Determining Who’s Pre-wired for Sales

I was chatting with a new client the other day about the challenges in finding salespeople, or even people who wanted to be in sales for that matter. Maybe you can empathize with his problem.

His company sells a pretty pedestrian, relatively low-cost tool that’s in demand across a number of industries. Although it’s a fairly simple device, the best salespeople have a technical background with preferably an engineering or engineering technologist degree.

One of the things that make this company so good is that they are prepared to invest in their people and provide fairly comprehensive sales training to new hires. While they realize that training makes them an employer of choice in their field, they still have problems finding people who have the potential to be good performers.

A Target Rich Environment
One of their hiring strategies is to go to job fairs. In general, job fairs are a good source of raw material. When chatting with the attendees, he’ll often ask if they’ve ever considered a job in sales to which some will reply that they’d accept any job. While I appreciate their plight, that’s not a good answer. It leaves the impression that they’ll take whatever job is offered, including one in sales, but only until they can get a real job in their field.

Interestingly, some of these people might actually be good at selling and could end up really enjoying the job if given the opportunity.

My client was lamenting this situation and wasn’t sure what he could or should do about it. His problem was that he simply couldn’t determine who he should hire and who he should leave behind. Then he made a very telling comment, "If only I could determine which ones are pre-wired to be in sales." Man, what a concept!

That got me thinking about how miserable my hiring skills were in the earlier years. I wrote about this in my article "Luck is Not a Hiring Tool." I mean, I could have flipped a coin and had the same hiring success rate. That was before I knew what I know now.

Does Personality Matter
Some people still feel that the biggest indication of being pre-wired for sales is a person’s personality. Extroverts were supposed to make the best salespeople because they like talking to people. That was before we discovered that most of them couldn’t stop talking long enough to let the prospect buy.

There’s nothing wrong with being outgoing and social as long as you strike a balance. A lot of these people only stop talking long enough to inhale, and they’re pretty fast at doing that, so you’ve got to jump in when you get the chance.

Even when they’re not talking, people who are excessively extroverted don’t listen. They are generally thinking about what they want to tell you next.

Another client recently asked me to coach one of his salespeople who had lost his edge. At the client’s suggestion, I made a mystery call to the salesperson who turned out to be an extrovert. He launched into his sales presentation and was extremely good at it. As I was listening, because I had no opportunity to talk, I was trying to analyze why someone with such a smooth sales presentation wasn’t doing better. Then I realized what was happening.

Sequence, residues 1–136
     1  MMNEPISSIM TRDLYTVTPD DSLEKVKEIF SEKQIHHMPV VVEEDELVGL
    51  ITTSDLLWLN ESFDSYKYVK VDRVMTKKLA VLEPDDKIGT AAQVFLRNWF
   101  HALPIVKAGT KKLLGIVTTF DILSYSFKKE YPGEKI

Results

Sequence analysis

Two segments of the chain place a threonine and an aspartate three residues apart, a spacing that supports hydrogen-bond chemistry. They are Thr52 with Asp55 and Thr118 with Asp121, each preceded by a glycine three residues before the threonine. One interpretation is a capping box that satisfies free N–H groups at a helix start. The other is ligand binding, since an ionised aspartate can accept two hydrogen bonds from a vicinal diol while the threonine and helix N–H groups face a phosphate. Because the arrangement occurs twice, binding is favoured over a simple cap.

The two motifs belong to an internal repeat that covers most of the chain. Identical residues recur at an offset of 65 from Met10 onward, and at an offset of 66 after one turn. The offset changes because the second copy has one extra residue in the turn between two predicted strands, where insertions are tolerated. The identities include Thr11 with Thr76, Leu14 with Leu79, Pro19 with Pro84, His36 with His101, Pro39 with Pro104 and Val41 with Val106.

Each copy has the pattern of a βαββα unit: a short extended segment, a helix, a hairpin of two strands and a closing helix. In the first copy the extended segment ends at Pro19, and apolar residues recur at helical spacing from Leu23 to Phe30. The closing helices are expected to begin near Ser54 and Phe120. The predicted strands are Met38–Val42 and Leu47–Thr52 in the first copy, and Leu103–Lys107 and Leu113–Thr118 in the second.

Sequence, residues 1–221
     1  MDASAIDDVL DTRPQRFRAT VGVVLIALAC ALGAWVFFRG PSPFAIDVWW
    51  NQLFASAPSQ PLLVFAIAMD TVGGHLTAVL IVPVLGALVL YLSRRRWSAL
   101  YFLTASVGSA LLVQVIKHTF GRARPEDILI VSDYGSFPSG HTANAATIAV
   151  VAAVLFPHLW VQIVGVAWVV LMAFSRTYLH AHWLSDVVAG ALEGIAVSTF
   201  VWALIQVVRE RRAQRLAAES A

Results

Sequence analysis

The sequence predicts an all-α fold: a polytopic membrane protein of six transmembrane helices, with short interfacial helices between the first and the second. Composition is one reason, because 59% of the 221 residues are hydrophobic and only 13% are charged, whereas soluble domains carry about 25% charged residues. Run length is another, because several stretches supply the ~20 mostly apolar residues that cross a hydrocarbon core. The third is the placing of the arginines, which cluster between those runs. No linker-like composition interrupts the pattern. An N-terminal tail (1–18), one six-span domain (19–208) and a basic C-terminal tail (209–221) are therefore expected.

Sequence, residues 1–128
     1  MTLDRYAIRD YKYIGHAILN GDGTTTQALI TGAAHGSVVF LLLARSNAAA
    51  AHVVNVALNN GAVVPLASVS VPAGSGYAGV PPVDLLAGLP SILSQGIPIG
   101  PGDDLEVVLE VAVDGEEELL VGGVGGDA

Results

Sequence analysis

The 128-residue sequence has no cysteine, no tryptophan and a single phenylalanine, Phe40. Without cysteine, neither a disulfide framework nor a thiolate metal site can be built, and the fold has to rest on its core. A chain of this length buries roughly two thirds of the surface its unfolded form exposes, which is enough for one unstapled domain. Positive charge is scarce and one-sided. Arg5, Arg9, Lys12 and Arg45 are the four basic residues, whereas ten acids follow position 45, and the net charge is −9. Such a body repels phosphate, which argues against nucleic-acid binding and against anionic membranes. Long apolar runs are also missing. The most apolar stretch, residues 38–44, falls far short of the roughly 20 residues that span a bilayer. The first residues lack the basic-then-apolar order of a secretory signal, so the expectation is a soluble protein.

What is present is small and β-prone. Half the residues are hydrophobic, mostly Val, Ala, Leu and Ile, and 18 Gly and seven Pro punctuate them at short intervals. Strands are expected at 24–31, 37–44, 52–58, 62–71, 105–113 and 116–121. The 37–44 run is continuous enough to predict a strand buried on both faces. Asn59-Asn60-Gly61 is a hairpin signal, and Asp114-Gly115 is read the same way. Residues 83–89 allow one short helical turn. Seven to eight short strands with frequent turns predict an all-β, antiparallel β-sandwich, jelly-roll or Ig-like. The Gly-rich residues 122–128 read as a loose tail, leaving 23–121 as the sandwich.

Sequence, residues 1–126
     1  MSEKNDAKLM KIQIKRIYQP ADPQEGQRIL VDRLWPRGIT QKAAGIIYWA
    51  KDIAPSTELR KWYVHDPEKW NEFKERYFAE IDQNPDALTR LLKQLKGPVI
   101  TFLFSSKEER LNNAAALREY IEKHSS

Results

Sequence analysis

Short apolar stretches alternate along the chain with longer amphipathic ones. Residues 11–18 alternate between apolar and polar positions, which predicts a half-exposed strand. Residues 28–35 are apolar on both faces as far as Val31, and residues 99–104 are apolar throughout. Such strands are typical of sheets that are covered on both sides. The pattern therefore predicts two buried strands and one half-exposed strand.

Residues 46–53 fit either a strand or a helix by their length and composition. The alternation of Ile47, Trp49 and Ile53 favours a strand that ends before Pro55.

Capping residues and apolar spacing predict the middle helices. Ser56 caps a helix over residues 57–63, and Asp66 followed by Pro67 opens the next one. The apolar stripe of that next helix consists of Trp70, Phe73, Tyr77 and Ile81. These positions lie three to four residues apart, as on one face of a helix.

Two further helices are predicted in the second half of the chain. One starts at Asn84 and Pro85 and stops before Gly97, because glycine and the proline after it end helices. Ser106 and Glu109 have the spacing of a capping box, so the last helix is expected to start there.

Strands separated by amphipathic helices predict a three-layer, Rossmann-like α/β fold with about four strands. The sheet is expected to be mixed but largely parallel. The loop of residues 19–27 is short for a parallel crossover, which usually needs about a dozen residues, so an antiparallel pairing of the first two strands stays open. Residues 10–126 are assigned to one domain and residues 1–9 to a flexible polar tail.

I was being talked "at," not "to" or "with." The smooth presentation had become a sales pitch that I wasn’t engaged in and could only avoid by terminating the call. The extrovert strikes again!

As Sampson said, "…with the jaw of an ass have I slain a thousand men." Many a sale has been lost by the same weapon.

Personality vs Temperament
Over the years I have come to learn that a person’s temperament is often a greater predictor of whether or not a person is pre-wired for sales. This is why our  Sales Temperament Assessment is based on temperament and not personality.

There’s still some confusion as to the difference between personality and temperament. Any psychologist will give you a four-page explanation. Here’s my short-form version.

Personality is similar to temperament in that both are developed at a very early age and generally don’t change very much over the years. Think of personality as being the distinctive qualities or characteristics of a person, while temperament is a measure of how that person naturally responds and reacts to the world around them.

I told you it was short.

Temperament’s Impact on Selling
What I’ve discovered over the past 20 plus years that I’ve been involved with this sales assessment is that different selling situations require different temperaments. The same temperament that allows a person to naturally do cold calls, open new accounts, or pioneer new sales areas isn’t appropriate for a sales situation that requires retail selling, team selling, or a high degree of client service.

Why Temperament is Important
If a person has the right temperament for a particular selling situation, it will be natural for the individual to do what’s required to succeed. If the right temperament is combined with proper sales and product knowledge training, he or she can be a top producer.

If a person’s temperament is not well suited for a particular sales situation, he’ll find the job difficult and a chore. While the person may succeed, it will take a lot of effort. It would be far better for him to find a sales position more suited to his temperament.

The Bottom Line
My client was probably looking at all kinds of people at the job fair who may have a predisposition for sales (pre-wired) but didn’t know it. Now he has a screening tool in the form of our  online sales assessment that can help him determine who he should hire and who he should leave behind.

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